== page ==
Italy Voyage 2021 – From Poros to ReggioNovember 11, 2021
Italy Voyage 2021 – From Arenzano to RomeDecember 2, 2021
4th to 19th of November, La Spezia to Arenzano, Italy
The train slowly makes its way through the little towns of Cinque Terre. It is already dark, and at each stop we try to get a glimpse of the town, the little harbors and maybe even the sea, until we finally reach La Spezia where we will join Captain Loucas and Kay on board. Once there, Kay picks us up and together we walk through the little streets of La Spezia with its old and tall buildings on each side. We climb over the guard rail and step onboard of FLORA, a Jeannaeu Sun Odyssey 42, which will become our home for the upcoming weeks. The floor of the boat is packed with cartons of 1.3 tons of olive oil, as well as one cabin full of wine and herbs for delivery. On our first evening we enjoy a lovely supper at the “Origami” vegan restaurant, and later on we join Captain Loucas who is dining with the members of Slow Food La Spezia and Slow Food Lugano and we get a warm welcoming. Whilst Loucas is getting up and holding a speech about the Aegean Sail Cargo project, different products such as olive oils, marmalade, and juices are being tasted, and Loucas shares their individual stories. It’s hard to overlook how passionate he is about what he is doing and it’s lovely to see the people around him captivated and moved by the idea of transporting by sail.
The next day we start by unloading the first bit of olive oil, herbs, and wine for the community of Slow Food La Spezia and Lugano. We pass one carton after another overboard where it is put in wheelbarrows and taken out of the harbour. It’s amazing to have everybody lending a helping hand. The products pass through the hands of us all, transporters as well as buyers, and it’s very clear that these goods do have a special story behind them. Once everything is unloaded, and set, we prepare the next load to be picked up by Betina and Björn, a lovely couple who have joined last summer for a trip through the Aegean Sea. It’s a heart-warming reunion, which we celebrate in a small seafood restaurant.
With the fist big step of the unloading done, we get the boat ready for our trip the next days, such as putting the repaired sail mail up and provisioning. Our next stop: Arenzano close to Genoa, where we will deliver the main part of the olive oil cargo. As we have three whole days for the 50 miles ahead of us, we decide to take it slow and explore a bit the beautiful Italian coast. So we leave La Spezia behind with good winds and a bit of rain, finding ourselves a calm spot to anchor just between Manarola and Corniglia. The two little villages lie in the green steep coast. It almost seems as the houses are glued together, there is no street to be spotted, only the train which comes by every now and then. It is a surrealistic picture. The smallness of the buildings, their color, and the formation of the open rocks leading straight down to the sea, look like we landed right inside a cartoon. Whilst eating, we enjoy the last bits of light before getting rocked into a deep sleep.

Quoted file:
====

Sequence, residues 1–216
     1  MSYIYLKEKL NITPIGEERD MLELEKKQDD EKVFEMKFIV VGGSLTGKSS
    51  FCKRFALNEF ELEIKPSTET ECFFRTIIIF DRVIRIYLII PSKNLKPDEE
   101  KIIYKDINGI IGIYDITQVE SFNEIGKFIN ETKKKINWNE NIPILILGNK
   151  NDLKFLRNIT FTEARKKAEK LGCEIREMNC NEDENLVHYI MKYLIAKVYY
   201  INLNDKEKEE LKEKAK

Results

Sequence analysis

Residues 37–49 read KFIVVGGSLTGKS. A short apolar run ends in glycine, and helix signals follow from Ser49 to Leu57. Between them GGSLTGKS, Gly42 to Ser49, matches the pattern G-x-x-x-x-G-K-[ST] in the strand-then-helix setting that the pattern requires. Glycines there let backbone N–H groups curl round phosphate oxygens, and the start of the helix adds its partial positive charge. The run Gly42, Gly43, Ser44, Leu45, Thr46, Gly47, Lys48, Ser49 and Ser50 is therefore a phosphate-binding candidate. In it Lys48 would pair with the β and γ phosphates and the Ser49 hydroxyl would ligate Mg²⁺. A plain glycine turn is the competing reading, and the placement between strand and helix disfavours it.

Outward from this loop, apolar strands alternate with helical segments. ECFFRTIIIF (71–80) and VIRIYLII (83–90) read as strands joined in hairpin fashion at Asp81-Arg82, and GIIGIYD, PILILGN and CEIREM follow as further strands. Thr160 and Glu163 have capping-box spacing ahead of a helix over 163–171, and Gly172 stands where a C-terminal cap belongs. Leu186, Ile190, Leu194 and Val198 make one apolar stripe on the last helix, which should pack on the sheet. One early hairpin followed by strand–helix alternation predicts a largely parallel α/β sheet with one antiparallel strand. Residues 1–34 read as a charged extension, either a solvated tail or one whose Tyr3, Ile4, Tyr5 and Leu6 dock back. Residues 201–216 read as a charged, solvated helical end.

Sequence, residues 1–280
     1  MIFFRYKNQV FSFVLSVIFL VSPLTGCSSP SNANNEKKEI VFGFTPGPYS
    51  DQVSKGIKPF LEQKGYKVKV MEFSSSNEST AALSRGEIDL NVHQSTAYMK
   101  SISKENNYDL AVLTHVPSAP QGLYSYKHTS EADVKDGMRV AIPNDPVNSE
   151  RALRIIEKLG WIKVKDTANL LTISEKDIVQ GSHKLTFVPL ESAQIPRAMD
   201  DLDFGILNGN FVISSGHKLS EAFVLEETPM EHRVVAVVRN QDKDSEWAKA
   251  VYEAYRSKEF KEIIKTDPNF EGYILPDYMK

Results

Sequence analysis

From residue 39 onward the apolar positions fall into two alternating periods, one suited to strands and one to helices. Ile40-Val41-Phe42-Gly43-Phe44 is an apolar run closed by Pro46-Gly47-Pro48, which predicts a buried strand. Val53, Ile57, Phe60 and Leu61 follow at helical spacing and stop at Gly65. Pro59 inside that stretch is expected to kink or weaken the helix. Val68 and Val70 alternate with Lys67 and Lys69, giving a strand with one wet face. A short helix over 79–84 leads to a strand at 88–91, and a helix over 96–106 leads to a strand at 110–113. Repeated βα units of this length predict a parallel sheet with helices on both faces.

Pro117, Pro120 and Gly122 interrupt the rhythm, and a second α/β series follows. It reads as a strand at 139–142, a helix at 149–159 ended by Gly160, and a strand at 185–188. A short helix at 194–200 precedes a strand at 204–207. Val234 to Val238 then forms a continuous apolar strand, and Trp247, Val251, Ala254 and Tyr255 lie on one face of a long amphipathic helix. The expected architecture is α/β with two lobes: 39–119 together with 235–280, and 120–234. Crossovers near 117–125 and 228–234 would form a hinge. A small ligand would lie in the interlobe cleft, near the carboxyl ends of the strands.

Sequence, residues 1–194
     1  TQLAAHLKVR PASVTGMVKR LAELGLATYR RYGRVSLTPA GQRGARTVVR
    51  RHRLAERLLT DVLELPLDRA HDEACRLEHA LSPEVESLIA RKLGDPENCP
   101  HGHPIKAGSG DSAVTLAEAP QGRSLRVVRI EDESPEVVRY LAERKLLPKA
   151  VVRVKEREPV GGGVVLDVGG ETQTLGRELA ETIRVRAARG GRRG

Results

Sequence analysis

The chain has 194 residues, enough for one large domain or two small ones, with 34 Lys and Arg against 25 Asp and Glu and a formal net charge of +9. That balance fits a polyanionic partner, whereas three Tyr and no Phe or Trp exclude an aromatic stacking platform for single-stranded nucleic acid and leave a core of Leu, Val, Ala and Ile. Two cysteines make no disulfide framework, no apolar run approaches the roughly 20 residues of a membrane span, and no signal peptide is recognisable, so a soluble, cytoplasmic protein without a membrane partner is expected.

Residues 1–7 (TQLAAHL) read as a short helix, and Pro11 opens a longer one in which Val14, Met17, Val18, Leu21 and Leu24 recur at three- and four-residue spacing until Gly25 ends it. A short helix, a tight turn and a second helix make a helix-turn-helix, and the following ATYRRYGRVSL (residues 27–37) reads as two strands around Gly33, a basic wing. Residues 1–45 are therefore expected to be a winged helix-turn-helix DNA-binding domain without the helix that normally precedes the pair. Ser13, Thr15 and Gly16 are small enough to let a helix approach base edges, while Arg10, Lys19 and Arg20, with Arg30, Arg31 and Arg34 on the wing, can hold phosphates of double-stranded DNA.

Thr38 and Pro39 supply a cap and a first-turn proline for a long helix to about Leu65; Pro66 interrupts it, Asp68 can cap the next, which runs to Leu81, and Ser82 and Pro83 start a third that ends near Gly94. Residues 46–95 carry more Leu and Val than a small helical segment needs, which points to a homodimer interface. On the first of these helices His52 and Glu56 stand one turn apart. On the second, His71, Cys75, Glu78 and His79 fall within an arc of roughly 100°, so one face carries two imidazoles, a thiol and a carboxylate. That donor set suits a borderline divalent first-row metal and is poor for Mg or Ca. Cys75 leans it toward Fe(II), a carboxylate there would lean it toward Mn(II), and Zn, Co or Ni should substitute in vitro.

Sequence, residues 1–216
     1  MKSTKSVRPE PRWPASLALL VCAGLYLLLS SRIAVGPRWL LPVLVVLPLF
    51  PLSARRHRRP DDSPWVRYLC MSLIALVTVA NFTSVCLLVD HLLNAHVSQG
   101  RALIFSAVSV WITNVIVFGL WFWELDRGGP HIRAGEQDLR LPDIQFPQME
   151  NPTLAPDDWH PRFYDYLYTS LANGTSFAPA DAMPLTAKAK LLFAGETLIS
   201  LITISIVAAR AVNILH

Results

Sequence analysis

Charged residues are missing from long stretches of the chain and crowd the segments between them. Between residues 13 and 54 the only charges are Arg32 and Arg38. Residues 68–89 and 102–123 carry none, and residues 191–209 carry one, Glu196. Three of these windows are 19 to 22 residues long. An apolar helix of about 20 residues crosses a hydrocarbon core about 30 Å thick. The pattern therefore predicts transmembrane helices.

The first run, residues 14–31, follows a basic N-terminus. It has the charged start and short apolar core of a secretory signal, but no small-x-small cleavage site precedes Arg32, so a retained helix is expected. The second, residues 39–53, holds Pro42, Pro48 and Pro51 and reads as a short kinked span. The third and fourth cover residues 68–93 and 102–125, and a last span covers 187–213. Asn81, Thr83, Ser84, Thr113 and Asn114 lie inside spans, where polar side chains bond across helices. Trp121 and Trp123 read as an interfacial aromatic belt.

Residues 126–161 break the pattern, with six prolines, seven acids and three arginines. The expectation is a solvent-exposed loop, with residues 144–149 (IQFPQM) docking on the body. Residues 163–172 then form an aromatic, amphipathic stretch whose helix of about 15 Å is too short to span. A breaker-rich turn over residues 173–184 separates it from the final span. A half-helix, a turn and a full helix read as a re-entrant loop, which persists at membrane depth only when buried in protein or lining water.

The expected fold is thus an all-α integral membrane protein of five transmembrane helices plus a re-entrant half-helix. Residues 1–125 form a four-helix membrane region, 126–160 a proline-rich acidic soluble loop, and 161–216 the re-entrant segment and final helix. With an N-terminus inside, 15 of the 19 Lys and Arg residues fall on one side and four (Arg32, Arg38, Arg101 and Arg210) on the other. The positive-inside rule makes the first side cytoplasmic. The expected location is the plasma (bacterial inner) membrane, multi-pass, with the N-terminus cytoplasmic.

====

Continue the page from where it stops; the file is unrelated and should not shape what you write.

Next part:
We make our way towards Vernazza, another tiny town lying just by the sea. It seems that life is very quiet here at this time of year, and our adventurous docking causes quite some attention, becoming almost attraction for the tourists close by. Many little steep stairs lead up the hill between the houses. The streets are so narrow, that one could give his neighbor across the street side a handshake through the window. The paint on the walls is worn down giving them a rusty and authentic look. We walk past some small restaurants and stores, and we hear people talking from a bar to the next-door neighbor on his roof terrace. As we leave the small harbor again, we end up having a problem with our mainsail. Being an in-mast furling, it is tangled and it’s impossible to hoist it. So we continue slow sailing with only the Genoa sail, blessed by a group of dolphins playing by our bow. Whilst the sun sets, the smell of the freshly cooked “Briam” creeps up the boat’s companionway. We drop anchor in a bay close by as the night is already settling, so soon we go for an early sleep.
We start in the morning, before the sun has made its way over the hills into our bay, with the mission of fixing the mainsail again. While Kay is up the mast, we follow his instructions to set the lines and pull him up. Once we’ve freed the sail we start our passage of 40 nm. The wind is kind to us, and with just enough we quickly start our journey. Throughout the night, the wind drops almost completely so we end up drifting for a while with the lights of the coast by our side. It is only within the last 15 nm where the wind picks up, and we fly through the water until we reach our anchor spot for the night.
We use the next morning for small repairs, and while I let the past days float through my mind, Kay and Loucas prepare the Crane for lifting the olive oil out off the boat. It is around midday when we park in the harbor. Everything is getting prepared and we start to unload the boxes. Soon we get the attention of the Guardia who are puzzled by what we are doing, obviously never having seen something like this before. It’s a big welcome when Wolfgang and his helpers arrive to pick up the goods. Hands are shaken, a lot of pictures are taken, and you can feel the joy and excitement for this very moment. It’s fascinating to know that, box-by-box, one ton of olive oil has passed through your hands, and to imagine the journey it has made and still has to make. “This is the future” I can hear Captain Loucas say, and I can’t help but agree.
Notes by Hannah Gruner, volunteer crew at Aegean Cargo Sailing – Italy Voyage 2021